Learn more Shop now Shop now Shop now Shop now Shop now Shop now Shop now Learn More Shop now Learn more Shop Fire Shop Kindle Learn More Shop now Shop Women's Shop Men's

Customer Reviews

4.6 out of 5 stars
11
4.6 out of 5 stars
5 star
8
4 star
2
3 star
1
2 star
0
1 star
0
Format: Paperback|Change
Price:£5.99+ Free shipping with Amazon Prime
Your rating(Clear)Rate this item


There was a problem filtering reviews right now. Please try again later.

on 8 April 2015
Fantastically gothic childrens book. A good read for 8-12s.
0Comment|Was this review helpful to you?YesNoReport abuse
Stitch Head was mad scientist Erasmus' very first Frankenstein-style creation. He and the boy scientist promised to be friends forever. But Erasmus grew up, went on to create more and bigger and wilder creatures, and forgot about Stitch Head. Now, Stitch Head wanders the Castle, uses his own skills to turn Erasmus' terrible creatures into calm and mild monsters, and pines for the old days and his creator/friend.

So, this is sort of like the thinking kid's monster story. There is a spooky castle, a mad scientist, terrifying (comical) creatures, conflict, drama, odd smells and threats galore. But, as a tale of lost friendships, new friendships, moving on from disappointment, becoming independent and rising to the occasion this book presents, subtly and lightly, many moments of real depth.

It's not just farts and drooling monsters; it's not some heavy-handed message book; it's not cutesy; it's never tone-deaf - it's just cheerful, sad, entertaining, involving, and way better than it should be. And it is one of the few books for this age group, at least that I've read lately, in which the illustrations have their own independent charm and nicely complement the narrative. The result is that the whole enterprise is imbued with real cheer and good humor.

And as an added bonus, the characters include a totally kick-butt heroine who arrives half way through, a sneaky villain, a charmingly inept and yet insightful creature sidekick, and some real dramatic suspense. There are also a bunch of sly jokes for the adult reader to help keep mom or dad entertained if they read this along with the kids.

So, well worth a look as a slightly advanced chapter book type read.

Please note that I received a free advance ecopy of this book in exchange for a candid review. Apart from that I have no connection at all to the author or the publisher of this book.
0Comment| 3 people found this helpful. Was this review helpful to you?YesNoReport abuse
on 6 December 2012
Read this with my son who is 10. It is a good story with a happy ending. The creatures are all loveable and funny with it. A child's version of Frankenstein.
0Comment| 3 people found this helpful. Was this review helpful to you?YesNoReport abuse
TOP 500 REVIEWERon 24 January 2013
titch Head carries on the fine tradition of Dinkin, where Dinkin was more a character that the reader laughed at for his silly fear of everything. Stitch Head is a much more sympathetic character, one that you actually feel sorry for and really care for. Despite being ignored by his creator, he still remains unwaveringly faithful to him. This gives him an almost sad little puppy vibe about him.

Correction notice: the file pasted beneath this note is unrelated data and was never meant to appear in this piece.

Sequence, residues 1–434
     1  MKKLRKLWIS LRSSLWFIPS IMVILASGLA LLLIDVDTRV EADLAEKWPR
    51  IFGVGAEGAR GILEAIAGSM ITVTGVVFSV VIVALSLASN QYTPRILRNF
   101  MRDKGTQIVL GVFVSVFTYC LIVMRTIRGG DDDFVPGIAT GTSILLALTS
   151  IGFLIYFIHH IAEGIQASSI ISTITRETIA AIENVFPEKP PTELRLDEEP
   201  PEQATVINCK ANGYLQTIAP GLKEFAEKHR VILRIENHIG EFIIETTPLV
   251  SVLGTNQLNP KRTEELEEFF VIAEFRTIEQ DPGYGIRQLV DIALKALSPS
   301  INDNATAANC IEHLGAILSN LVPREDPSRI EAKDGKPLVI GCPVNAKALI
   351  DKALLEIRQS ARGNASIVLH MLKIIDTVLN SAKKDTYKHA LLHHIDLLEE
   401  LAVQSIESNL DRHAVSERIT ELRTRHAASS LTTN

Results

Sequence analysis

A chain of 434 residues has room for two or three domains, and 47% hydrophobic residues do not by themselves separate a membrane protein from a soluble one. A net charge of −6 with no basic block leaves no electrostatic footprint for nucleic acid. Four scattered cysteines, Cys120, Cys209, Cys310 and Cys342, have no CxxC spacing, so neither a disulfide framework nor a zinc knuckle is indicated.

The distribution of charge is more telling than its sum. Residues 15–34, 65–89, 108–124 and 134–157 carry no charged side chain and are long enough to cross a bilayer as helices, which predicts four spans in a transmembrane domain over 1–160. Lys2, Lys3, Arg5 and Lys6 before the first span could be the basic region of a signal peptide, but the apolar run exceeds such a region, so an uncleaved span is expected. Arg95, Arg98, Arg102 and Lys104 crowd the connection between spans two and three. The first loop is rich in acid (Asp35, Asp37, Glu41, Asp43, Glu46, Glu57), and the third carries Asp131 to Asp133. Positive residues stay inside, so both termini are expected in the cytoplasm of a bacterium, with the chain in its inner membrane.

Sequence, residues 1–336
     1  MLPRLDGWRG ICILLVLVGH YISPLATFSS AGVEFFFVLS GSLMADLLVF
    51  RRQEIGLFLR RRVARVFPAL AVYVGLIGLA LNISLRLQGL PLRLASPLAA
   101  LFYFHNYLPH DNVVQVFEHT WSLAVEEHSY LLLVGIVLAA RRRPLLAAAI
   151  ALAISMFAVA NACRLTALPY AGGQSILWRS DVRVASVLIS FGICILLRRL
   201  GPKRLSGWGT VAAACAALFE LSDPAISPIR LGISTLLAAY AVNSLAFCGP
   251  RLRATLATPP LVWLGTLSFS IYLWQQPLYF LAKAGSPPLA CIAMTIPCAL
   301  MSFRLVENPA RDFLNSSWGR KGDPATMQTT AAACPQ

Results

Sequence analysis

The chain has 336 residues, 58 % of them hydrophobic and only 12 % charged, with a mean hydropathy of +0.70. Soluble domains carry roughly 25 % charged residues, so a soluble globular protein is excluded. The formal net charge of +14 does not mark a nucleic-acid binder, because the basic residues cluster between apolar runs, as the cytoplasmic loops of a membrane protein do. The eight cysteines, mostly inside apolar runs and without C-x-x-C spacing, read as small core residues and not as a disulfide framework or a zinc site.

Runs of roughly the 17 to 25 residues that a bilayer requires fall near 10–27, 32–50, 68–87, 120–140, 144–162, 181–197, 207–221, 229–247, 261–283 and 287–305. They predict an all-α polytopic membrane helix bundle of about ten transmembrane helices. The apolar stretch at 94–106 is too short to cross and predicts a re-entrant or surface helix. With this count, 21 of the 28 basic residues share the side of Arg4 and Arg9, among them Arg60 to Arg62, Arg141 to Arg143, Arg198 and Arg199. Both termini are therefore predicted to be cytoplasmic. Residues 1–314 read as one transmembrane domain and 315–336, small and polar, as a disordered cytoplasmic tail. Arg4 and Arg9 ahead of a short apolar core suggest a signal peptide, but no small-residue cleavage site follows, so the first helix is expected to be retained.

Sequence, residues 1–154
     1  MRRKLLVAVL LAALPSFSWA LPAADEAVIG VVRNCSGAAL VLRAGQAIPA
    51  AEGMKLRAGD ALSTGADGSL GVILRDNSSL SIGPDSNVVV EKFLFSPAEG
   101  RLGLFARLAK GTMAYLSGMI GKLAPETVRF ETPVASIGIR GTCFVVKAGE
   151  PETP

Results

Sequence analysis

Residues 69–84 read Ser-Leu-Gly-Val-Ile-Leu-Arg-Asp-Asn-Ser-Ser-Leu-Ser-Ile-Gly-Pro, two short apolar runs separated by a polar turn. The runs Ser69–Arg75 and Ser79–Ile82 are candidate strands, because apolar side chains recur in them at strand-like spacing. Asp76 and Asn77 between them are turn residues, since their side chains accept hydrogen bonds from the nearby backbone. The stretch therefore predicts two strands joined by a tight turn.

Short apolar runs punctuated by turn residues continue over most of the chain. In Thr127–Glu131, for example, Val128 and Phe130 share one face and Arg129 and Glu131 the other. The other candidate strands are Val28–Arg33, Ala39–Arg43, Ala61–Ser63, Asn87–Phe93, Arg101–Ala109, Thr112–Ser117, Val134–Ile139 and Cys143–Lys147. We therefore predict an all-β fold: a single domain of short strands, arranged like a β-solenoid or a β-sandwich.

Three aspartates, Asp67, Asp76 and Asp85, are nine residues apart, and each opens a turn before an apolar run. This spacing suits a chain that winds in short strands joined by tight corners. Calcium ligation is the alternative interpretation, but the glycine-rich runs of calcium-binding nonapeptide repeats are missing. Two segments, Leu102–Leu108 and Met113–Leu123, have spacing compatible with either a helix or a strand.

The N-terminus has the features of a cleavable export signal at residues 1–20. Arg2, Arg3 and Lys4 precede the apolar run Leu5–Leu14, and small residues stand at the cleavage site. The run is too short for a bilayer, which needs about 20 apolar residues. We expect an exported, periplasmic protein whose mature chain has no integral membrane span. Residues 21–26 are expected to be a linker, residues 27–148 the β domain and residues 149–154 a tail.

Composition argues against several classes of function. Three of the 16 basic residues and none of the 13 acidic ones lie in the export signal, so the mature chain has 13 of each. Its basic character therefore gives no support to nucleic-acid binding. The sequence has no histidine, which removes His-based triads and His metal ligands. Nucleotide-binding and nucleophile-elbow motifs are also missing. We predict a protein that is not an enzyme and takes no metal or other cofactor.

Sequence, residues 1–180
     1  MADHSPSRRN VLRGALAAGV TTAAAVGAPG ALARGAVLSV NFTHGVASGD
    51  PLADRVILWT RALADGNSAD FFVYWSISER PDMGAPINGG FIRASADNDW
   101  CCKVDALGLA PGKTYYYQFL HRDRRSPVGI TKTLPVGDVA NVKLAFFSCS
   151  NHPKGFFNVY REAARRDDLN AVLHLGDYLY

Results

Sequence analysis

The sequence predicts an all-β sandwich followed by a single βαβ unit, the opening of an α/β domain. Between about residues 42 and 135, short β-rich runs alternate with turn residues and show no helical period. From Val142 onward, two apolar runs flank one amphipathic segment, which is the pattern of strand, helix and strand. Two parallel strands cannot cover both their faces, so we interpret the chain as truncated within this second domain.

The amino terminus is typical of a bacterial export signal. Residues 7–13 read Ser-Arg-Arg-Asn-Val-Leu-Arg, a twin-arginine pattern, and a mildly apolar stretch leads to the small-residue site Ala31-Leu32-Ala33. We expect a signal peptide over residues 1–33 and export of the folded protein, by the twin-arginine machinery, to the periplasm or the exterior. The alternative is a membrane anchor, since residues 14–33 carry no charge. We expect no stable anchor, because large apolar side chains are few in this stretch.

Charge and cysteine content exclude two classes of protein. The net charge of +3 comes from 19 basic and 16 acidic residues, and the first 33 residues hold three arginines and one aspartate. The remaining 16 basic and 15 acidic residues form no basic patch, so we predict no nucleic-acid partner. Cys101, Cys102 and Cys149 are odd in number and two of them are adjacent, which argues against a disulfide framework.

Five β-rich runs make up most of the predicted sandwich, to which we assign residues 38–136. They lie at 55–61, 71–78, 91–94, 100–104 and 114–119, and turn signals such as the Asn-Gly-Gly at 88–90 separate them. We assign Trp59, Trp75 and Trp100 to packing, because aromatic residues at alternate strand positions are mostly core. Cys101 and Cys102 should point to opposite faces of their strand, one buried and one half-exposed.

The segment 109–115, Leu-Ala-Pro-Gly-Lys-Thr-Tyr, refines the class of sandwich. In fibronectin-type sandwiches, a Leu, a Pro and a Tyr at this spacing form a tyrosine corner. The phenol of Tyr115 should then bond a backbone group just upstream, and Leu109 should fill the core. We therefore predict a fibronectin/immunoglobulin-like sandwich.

However don't fret, this isn't a sad story, yes there is a sad emotional core to the story, but Guy Bass surrounds this heart with layers upon layers of witty writing, tongue and cheek humour, and a great deal of excitement. To create a truly wonderful book. This is one of the finest books I have read this year.

It is the perfect sort of book for Dads to read to their kids. I guarantee that the dads will get as much enjoyment from this fantastic piece of literature than their kids will. Just be warned there is a bylaw that states all Dads must do silly voices for all the characters when reading this book.
0Comment| 6 people found this helpful. Was this review helpful to you?YesNoReport abuse
on 16 January 2012
I am surprised that this little gem of a book has not had more reviews yet because once started, any avid reader(that is children and the adults reading to them)and lover of mysteries,the Gothic with a touch of the Frankensteinesque, will love this book. The characters, the setting, the humour, all with a subtle morality behind it will soon capture young minds and older minds alike.

The main character Stitch Head, lovingly illustrated on the cover and throughout the book, reminds the reader of a Frankenstein's creation without the theme of revenge driving him. In fact, he is what Frankenstein's monster could have been had the rejection of his creator not had such a profound effect on him. Stitch Head shows loyalty, dedication and ingenuity in the face of rejection and loneliness. He is on a mission - to protect his creator from his ever more dangerous creations (and possibly himself) and from the potentially hostile intentions of the villagers living just outside the castle walls whose suspicions about the place might be raised at any moment with disastrous consequences. He really has his work cut out one day, when his master creates yet another dangerous monster which he needs to try and turn peaceful with his cleverly concocted potions. And if that is not enough, there is also a knock on the door from the director of a travelling circus, called Freakfinder, on the hunt for ever more 'weird and terrifying' creatures for his monstrous show. How is Stitch Head going to save the day, the castle, the monsters, his creator and himself?